6 Moms Reveal Their Secrets to Keeping Kids Entertained on Summer Break

It isn’t just you — when the school year ends, the parenting struggle is real. The kids are celebrating their newfound freedom, but you’re just wondering how you can possibly keep them entertained for the next few months. You know, while still doing everything on your own endless to-do list.

As mom to 7-year-old Hazel, Amanda Thomsen has quite a few summers under her belt — and plenty of kids summer break ideas to share. Her recently released book Backyard Adventure: Get Messy, Get Wet, Build Cool Things, and Have Tons of Wild Fun! was inspired by her own attempts to keep her daughter busy in the summer months. Over the years, her home has become a hub for neighborhood kids looking for summertime fun.

“It’s definitely different than when I was a kid and I’d go out after breakfast and come home before dinner,” Thomsen says. “Kids need a little more guidance to play outside and usually need some materials to play with. I make a mental note of play materials that are lurking in the garage and throw some stuff into the driveway each morning, and they just play and play with that stuff all day. We’re talking a stack of delivery boxes that need to be recycled or a roll of kraft paper. Nothing fancy, but it sparks their imagination and then the play comes naturally.”

Looking for more kids summer break ideas? We chatted with six real-life moms who’ve mastered the art of summer survival. Some of them are living that stay-at-home-mom life, some of them are working, but they all have brilliant, creative ideas for keeping kids happy and engaged all summer long — and without a screen in sight.

Write a summer bucket list

Get everyone excited about the summer months ahead by kicking off the kids’ break with some brainstorming. Santa Cruz-based mom Michele Bigley makes a poster with her kids and hangs it on the wall, checking off items throughout the summer. “I’ll make them dig deeper than just ‘play video games’ or ‘see friends,’ and we usually have about 100 things on the list,” she tells SheKnows. “Some crazy — like boogie board down the stairs — and some simple, like eat at X restaurant, learning to make X.”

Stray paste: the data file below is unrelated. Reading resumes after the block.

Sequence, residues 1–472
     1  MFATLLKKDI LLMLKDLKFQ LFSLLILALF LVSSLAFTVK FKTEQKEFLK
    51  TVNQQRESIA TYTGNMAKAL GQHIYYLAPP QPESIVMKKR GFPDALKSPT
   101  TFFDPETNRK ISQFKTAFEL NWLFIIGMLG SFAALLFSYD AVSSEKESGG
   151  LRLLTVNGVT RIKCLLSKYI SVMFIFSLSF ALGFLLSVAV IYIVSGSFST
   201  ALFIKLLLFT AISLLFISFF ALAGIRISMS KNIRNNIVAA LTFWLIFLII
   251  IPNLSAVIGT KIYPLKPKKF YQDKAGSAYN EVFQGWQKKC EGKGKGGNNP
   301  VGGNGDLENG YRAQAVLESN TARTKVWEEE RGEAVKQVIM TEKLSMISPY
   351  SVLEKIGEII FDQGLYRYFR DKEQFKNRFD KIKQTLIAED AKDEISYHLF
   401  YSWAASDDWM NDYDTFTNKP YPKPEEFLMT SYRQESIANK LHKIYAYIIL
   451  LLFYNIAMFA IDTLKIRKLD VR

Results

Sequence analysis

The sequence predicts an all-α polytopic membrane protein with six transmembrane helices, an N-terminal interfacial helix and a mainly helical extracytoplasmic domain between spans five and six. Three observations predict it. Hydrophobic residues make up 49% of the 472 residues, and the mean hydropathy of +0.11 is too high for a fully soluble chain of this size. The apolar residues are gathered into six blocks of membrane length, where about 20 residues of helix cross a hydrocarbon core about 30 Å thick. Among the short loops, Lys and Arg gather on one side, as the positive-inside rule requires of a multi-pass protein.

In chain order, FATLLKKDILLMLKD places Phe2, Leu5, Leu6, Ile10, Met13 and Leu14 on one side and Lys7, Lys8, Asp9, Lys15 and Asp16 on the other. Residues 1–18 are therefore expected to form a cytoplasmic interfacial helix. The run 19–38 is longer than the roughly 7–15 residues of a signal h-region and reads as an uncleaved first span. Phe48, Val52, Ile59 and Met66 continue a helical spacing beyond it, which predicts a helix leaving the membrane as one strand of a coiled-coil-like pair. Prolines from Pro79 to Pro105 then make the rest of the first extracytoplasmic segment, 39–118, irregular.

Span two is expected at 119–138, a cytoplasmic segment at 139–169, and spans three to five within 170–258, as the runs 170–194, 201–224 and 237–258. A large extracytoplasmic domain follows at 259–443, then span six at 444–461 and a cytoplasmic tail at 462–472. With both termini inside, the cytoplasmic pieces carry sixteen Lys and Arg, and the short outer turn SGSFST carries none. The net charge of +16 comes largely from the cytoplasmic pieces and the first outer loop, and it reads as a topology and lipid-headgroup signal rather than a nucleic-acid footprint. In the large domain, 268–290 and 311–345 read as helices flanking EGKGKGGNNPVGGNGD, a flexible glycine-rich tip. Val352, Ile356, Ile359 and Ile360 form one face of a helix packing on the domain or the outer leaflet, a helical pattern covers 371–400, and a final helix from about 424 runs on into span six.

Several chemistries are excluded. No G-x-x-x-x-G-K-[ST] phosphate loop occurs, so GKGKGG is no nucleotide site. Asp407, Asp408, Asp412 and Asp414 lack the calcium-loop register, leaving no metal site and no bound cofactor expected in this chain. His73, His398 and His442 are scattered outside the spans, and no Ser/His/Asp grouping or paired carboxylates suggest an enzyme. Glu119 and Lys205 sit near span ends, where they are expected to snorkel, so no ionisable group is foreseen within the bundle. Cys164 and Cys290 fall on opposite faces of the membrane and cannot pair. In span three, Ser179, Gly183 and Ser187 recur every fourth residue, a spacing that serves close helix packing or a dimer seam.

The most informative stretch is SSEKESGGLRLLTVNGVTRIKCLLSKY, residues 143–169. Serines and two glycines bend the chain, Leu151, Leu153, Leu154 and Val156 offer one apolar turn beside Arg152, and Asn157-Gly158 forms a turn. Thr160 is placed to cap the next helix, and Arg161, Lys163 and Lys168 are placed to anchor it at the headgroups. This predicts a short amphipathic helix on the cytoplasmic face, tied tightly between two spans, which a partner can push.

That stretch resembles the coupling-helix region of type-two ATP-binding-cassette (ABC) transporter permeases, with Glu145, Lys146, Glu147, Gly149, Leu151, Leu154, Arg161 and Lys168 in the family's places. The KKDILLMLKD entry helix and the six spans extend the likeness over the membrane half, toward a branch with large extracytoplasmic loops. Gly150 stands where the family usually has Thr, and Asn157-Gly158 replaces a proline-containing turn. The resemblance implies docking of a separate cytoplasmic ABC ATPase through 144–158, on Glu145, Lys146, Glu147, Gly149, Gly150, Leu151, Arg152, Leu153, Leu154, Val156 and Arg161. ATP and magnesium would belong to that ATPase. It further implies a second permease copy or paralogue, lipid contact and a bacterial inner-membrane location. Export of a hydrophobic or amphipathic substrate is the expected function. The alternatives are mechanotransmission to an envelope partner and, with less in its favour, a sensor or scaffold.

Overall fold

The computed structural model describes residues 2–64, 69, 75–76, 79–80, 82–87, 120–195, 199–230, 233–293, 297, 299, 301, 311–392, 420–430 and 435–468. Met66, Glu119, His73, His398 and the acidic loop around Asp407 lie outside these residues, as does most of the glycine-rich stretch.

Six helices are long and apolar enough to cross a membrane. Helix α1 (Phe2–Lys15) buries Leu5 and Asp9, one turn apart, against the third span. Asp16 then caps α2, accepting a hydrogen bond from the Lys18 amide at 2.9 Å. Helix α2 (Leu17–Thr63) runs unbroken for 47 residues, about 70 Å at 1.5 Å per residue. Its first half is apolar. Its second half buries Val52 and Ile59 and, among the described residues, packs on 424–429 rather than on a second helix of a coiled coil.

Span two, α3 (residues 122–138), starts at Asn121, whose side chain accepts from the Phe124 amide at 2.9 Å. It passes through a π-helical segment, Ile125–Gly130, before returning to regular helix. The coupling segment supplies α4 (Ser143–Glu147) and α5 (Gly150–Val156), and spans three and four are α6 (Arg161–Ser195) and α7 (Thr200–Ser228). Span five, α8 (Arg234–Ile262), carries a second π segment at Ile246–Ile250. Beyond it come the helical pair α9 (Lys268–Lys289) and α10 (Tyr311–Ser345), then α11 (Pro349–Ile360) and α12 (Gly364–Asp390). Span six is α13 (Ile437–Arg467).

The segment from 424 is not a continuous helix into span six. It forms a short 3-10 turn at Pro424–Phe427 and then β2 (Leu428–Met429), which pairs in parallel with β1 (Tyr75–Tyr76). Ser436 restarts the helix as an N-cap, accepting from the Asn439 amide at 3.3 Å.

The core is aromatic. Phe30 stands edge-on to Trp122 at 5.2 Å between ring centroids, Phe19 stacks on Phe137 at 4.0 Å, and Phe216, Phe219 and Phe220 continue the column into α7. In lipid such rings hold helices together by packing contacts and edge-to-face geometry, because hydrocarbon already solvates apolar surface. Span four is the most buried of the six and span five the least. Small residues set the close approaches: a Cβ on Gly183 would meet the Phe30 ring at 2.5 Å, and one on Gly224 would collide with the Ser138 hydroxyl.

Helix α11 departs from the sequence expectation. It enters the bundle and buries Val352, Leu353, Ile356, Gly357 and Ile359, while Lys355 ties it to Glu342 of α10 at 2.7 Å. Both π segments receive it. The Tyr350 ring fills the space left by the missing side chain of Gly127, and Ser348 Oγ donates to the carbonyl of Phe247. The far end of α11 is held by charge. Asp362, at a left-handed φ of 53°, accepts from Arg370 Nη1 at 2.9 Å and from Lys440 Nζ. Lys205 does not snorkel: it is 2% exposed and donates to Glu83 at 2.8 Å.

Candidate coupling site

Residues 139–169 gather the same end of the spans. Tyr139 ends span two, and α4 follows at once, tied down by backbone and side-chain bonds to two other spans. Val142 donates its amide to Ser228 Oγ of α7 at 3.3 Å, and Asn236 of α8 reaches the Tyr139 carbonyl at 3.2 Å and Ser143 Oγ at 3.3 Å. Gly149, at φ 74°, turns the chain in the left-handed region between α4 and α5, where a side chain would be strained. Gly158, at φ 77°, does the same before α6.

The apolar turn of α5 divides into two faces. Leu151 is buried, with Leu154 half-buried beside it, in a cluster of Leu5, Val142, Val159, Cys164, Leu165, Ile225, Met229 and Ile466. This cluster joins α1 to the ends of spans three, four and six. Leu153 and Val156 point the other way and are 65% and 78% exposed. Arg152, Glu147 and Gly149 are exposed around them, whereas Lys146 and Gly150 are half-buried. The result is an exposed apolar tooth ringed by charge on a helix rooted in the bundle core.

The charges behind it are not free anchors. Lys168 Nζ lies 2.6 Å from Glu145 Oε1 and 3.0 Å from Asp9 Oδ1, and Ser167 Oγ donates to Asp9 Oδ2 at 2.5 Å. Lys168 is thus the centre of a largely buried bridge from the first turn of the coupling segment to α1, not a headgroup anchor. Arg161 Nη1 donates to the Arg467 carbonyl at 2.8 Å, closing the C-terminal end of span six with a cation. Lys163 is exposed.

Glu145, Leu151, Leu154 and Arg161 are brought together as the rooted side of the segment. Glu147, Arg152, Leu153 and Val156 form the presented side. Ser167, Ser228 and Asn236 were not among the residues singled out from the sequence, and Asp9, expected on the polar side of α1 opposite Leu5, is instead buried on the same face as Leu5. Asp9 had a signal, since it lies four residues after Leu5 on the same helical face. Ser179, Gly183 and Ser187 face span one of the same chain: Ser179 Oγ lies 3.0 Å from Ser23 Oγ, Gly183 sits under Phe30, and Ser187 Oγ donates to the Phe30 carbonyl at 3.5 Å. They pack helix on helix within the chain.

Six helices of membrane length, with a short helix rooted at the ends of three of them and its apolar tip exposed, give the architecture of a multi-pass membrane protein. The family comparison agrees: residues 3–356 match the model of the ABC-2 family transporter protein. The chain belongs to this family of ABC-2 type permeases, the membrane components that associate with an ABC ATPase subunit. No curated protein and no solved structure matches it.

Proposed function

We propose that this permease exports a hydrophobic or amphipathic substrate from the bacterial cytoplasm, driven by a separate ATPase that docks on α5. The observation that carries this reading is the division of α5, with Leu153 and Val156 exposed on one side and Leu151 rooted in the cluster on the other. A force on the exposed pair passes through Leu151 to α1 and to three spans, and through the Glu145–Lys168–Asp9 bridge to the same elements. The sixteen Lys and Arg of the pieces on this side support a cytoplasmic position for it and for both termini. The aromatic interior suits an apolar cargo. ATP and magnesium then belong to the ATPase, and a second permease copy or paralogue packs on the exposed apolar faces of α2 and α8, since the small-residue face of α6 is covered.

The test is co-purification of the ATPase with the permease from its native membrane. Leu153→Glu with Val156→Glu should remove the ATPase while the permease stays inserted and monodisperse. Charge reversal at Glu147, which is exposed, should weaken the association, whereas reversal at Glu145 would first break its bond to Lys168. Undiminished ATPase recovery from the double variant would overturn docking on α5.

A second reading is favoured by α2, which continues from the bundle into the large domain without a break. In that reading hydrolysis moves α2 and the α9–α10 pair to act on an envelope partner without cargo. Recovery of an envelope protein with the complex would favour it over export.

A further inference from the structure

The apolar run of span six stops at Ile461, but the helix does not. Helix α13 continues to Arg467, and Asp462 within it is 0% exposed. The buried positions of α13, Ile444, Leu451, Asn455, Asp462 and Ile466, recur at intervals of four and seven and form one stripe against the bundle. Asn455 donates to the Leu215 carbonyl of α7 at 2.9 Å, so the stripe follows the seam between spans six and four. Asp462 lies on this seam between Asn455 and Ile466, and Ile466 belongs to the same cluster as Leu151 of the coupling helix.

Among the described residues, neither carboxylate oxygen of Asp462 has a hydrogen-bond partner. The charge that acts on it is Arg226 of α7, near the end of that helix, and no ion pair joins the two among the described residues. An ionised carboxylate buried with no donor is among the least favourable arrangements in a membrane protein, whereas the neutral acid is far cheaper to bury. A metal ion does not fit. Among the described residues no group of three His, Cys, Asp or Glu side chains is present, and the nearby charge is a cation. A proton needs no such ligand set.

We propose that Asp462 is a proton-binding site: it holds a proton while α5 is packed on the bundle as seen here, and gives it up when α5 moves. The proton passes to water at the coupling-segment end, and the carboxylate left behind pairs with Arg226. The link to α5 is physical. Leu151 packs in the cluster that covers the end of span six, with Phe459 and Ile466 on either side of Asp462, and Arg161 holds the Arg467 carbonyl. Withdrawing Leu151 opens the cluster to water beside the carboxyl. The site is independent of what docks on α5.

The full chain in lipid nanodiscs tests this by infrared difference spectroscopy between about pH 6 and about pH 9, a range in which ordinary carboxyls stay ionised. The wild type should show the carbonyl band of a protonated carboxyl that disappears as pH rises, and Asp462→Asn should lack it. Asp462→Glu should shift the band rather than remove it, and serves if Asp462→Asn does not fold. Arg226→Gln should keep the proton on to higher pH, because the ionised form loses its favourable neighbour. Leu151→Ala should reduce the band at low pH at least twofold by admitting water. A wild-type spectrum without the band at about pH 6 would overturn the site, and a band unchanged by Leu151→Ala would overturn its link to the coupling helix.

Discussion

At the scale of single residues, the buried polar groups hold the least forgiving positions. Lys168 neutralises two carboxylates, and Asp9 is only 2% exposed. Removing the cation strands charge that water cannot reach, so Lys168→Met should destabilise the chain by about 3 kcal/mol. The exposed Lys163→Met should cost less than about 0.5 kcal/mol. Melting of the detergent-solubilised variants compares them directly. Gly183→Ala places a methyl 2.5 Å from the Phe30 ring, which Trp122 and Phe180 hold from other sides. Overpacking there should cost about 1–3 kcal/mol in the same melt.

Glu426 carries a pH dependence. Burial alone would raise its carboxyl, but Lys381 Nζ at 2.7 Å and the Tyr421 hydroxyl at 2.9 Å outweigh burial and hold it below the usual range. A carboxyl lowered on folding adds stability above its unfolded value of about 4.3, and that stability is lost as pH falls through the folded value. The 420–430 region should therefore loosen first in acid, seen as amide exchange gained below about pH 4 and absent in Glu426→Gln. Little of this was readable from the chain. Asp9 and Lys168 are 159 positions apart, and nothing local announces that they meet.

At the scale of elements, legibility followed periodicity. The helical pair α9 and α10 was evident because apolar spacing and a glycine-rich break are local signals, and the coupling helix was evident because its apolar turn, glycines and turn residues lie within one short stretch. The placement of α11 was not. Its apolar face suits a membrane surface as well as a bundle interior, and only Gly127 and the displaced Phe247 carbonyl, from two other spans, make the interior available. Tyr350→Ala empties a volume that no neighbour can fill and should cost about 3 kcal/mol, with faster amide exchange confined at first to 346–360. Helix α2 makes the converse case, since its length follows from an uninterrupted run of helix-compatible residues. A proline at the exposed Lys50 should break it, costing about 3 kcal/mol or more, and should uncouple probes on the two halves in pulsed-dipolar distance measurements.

Build some fort fun

Younger kids especially can spend hours building and playing in forts, so give them the materials they need to make this imaginative activity happen. Atlanta-based mom of two Kate Rope, author of Strong as a Mother: How to Stay Healthy, Happy, and (Most Importantly!) Sane from Pregnancy to Parenthood, suggests filling one shelf in your linen closet with any unmatched sheets or old blankets and labelling it “Fort Supplies.” “My kids will get several days worth of entertainment out of an elaborate fort and, since it’s the summer, I often let them sleep in it!”

Hit up the library

Sure, you can kill some hours there at story time or hunting for a new book, but don’t overlook their summer programs. Littleton, Colorado-based mom Christa Tomlinson Palmer says, Local libraries usually have a lot of free programs for kids from toddlers to teens. Some are lame but others are great. I found a coding class for my tween last year. You have to sign up early, so people should be stalking their library websites now for information.”

Have a working play date

Whether you work from home or just have a long to-do list, other busy moms can help you. Work-from-home mom Suzanne Brown of Austin, Texas suggests joining forces with parents in similar situations. “Do a working playdate with someone who has kids around the same age,” she tells SheKnows. “Kids are entertained and you and the other working mama get things done.”

Make budget-based activity jars

Dawn Allcot, a mom of two kids in Long Island, New York recommends brainstorming a bunch of activities that fall into the following categories: free, cheap, and splurge. Write those activities onto slips of paper and then place them into three corresponding jars. “So, depending on my bank account, if we have a day where we don’t know what to do and have no pre-set plans, we will draw from one of the jars,” Allcot tells SheKnows. “So I will determine which jar we draw from, and we will do the [chosen activity]… no arguments!”

Create a foolproof ‘no boredom’ rule

It’s inevitable — every kid at some point will complain about being bored. The key is how you handle it. Montana mom of four Kate Wehr has an effective method: “Loud expressions of boredom from my older kids, after several suggestions of activities, will start to trigger chores or homework assignments.” Works like a charm.

This post is sponsored by Juicy Juice Fruitifuls® Organic.

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